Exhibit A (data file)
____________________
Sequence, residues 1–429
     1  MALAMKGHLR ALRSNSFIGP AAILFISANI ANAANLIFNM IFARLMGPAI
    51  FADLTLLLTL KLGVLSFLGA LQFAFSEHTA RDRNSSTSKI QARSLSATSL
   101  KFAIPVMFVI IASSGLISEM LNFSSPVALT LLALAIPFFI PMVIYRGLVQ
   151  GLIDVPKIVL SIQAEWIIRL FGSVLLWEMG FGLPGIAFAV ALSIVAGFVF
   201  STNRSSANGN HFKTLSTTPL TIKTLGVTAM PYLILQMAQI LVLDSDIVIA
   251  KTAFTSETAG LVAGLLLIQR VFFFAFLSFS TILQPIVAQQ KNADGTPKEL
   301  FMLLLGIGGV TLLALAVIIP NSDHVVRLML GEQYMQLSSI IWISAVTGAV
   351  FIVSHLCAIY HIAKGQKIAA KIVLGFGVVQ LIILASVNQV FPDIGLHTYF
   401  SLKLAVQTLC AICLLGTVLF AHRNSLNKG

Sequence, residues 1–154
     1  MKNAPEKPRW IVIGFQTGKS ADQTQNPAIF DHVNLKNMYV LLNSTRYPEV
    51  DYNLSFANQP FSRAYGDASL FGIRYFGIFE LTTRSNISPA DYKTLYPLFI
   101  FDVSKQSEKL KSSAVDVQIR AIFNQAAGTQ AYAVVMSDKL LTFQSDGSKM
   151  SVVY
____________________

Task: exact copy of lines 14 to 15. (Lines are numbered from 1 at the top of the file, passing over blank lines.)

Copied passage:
   101  FDVSKQSEKL KSSAVDVQIR AIFNQAAGTQ AYAVVMSDKL LTFQSDGSKM
   151  SVVY